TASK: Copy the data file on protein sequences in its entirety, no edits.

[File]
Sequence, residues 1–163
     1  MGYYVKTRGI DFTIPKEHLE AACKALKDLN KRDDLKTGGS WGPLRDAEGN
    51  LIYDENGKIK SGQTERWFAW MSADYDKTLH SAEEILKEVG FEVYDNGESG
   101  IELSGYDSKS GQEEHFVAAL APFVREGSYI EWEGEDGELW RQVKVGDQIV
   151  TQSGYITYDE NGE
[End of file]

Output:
Sequence, residues 1–163
     1  MGYYVKTRGI DFTIPKEHLE AACKALKDLN KRDDLKTGGS WGPLRDAEGN
    51  LIYDENGKIK SGQTERWFAW MSADYDKTLH SAEEILKEVG FEVYDNGESG
   101  IELSGYDSKS GQEEHFVAAL APFVREGSYI EWEGEDGELW RQVKVGDQIV
   151  TQSGYITYDE NGE